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D.Rajesh Kumar et al / Int. J. of Allied Med. Sci. and Clin. Research Vol-11 2013 34-37 www.ijamscr.com 36 commonly seen in individuals who have witnessed a violent crime or a grave accident and does not occur due to a medical illness. Patients with dissociative amnesia do not experience an identity crisis but they tend to pass through a trance-like state and may develop depersonalization as an effort to block out a stressful experience. Subtypes include – 1.Generalized amnesia - When the amnesia involves the person’s whole life. 2. Localized amnesia - no memory of a specific traumatic event that took place 3.Selective amnesia- remembers only selective parts of events that occurred in a defined period of time. 4. Systematized amnesia – memory loss regarding a specific category of information E Infantile amnesia The inability to recall events from early childhood is known as infantile amnesia. It is assumed that this happens due to immaturity in certain areas of the brain in the very early stages. Today this state is seen as an intricate part of human development as it is now clear that memories begin to form only when certain parts of the brain are well formed. FWernike-Korsakoffspsychosis This amnesia is a progressive disorder caused by extended alcohol abuse. It is usually accompanied by neurological dysfunctions such as loss of co- ordination during movement or a feeling of numbness in the fingers and toes. TESTS AND DIAGNOSIS Physical examination The physical examination may include a neurological exam to check reflexes sensory function balance and other physiological aspects of the brain and nervous system. Cognitive tests The doctor will test the persons thinking judgment and recent and long-term memory. He or she will check the persons knowledge of general information -such as the name of the current president - as well as personal information and past events. The memory evaluation can help determine the extent of memory loss and provide insights about what kind of help the person may need. Imaging tests Diagnostic imaging tests — including MRI CT scan and electroencephalogram may be ordered to look for damage or abnormalities in the brain. Blood tests can check for infection nutritional deficiencies or other issues. Other tests include  Cerebral angiography  Lumbar puncture TREATMENT Many forms of amnesia fix themselves without being treated. However there are a few ways to cope with memory loss if that is not the case. Cognitive therapy Usually through a speech/language therapist may be helpful for mild to moderate memory loss. Psychotherapy Sometimes it may be effective for some patients. Hypnosis can be an effective way of recalling memories that have been forgotten. Occupational therapy A person with amnesia may work with an occupational therapist to learn new information to replace what was lost or to use intact memories as a basis for taking in new information. Memory training may also include a variety of strategies for organizing information so that its easier to remember and for improving understanding of extended conversation. MEDICATIONS OR SUPPLEMENTS No medications are currently available for treating most types of amnesia.Sometimes it is appropriate to administer a drug called Amytal sodium amobarbital to people suffering from amnesia. The medicine helps some people recall their lost memories. Wernicke-Korsakoff syndrome involves a lack of thiamine treatment includes replacing this vitamin and providing proper nutrition. Although treatment which also needs to include alcohol abstinence can help prevent further damage most people wont recover all of their lost memory. If an underlying cause for the amnesia is identified there are national organizations that can provide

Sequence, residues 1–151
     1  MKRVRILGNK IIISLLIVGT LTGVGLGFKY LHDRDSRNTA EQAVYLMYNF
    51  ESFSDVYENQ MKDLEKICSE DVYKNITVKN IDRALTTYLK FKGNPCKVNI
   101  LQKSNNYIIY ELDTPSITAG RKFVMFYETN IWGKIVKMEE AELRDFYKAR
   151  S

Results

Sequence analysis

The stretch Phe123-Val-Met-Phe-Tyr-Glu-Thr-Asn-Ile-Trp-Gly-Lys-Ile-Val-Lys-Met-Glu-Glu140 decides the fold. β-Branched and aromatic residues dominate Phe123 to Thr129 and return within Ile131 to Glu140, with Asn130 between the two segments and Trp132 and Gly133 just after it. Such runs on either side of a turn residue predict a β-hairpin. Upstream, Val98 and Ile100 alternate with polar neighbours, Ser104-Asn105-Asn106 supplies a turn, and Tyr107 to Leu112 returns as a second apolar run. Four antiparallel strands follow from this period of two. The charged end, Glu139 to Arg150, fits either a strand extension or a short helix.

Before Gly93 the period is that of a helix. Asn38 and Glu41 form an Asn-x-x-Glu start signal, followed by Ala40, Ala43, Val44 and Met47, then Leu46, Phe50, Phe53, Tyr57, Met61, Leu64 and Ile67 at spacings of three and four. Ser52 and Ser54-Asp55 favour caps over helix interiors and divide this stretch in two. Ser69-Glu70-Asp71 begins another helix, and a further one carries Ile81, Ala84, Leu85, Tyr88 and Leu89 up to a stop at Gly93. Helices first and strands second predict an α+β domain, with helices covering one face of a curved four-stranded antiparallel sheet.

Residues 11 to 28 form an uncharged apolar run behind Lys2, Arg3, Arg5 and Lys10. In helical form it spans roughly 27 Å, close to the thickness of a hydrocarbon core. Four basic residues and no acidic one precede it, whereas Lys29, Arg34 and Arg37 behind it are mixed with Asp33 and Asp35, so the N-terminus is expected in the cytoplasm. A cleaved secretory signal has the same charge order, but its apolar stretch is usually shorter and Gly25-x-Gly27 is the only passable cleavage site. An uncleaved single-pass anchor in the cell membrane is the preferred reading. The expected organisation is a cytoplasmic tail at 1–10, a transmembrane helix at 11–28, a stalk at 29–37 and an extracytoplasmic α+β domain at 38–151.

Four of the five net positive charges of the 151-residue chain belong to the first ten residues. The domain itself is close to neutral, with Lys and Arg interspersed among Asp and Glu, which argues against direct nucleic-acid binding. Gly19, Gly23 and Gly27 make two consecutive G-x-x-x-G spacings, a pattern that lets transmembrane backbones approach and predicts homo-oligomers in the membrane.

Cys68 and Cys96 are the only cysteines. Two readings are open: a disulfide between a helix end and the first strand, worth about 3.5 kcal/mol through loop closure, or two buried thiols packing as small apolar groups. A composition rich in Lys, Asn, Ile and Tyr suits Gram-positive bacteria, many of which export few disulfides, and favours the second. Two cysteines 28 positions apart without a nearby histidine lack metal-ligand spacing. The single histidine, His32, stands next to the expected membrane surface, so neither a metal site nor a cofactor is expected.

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D.Rajesh Kumar et al / Int. J. of Allied Med. Sci. and Clin. Research Vol-11 2013 34-37 www.ijamscr.com 37 additional information or support for the individual and their families. Examples include:  The Alzheimers Association  The Brain Injury Association of America PREVENTION Because damage to the brain can be a root cause of amnesia its important to take steps to minimize a brain injury. For example:  Avoid excessive alcohol use.  Wear a helmet when bicycling and a seat belt when driving.  Treat any infection quickly so that it doesnt have a chance to spread to the brain.  Seek immediate medical treatment if you have any symptoms that suggest a stroke or brain aneurysm such as a severe headache or one- sided numbness or paralysis. REFERENCES 1 Mastin L. 2010. The human memory: Retrograde amnesia . Retrieved from http://www.human- memory.net/disorders_retrograde.html 2 "Memory abnormality." Encyclopædia Britannica. Encyclopædia Britannica Online Academic Edition. Encyclopædia Britannica Inc. 2012. Web. 21 Apr 2012. 3 Masferrer R Masferrer M Prendergast V Harrington TR 2000. "Grading Scale for Cerebral Concussions" dead link. BNI Quarterly Barrow Neurological Institute 16 1. ISSN 0894-5799 4 "Dissociative Fugue. Retrieved 7 August 2012". My.clevelandclinic.org. Retrieved 2012-12-22. 5 "The Merck Manuals Online". Merckmanuals.com. Retrieved 2012-12-22. 6 Carlson Neil 2007. Psychology the Science of Behavior. Toronto: Pearson. p. 283. ISBN 978-0-205- 64524-4. OCLC 441151384. 7 Harlene Hayne Fiona Jack 1Wiley Interdisciplinary Reviews: 8 Carrion V. G. and H. Steiner. "Trauma and Dissociation in Delinquent Adolescents." Journal of the American Academy of Child and Adolescent Psychiatry 39 March 2000: 353-359. 9 Chu J. A. and others. "Memories of Childhood Abuse: Dissociation Amnesia and Corroboration." American Journal of Psychiatry 156 May 1999: 749-755. 10 Ellenberger Henri. The Discovery of the Unconscious. New York: Basic Books Inc. 1970. 11 Herman Judith MD. Trauma and Recovery. 2nd ed. revised. New York: Basic Books 1997. 12 International Society for the Study of Trauma and Dissociative Disorders. Frequently Asked Questions: Dissociation and Dissociative Disorders.www.isst-d.org 13 Mental Health America. Dissociation and Dissociative Disorders. www.mentalhealthamerica.net www.mayoclinic.com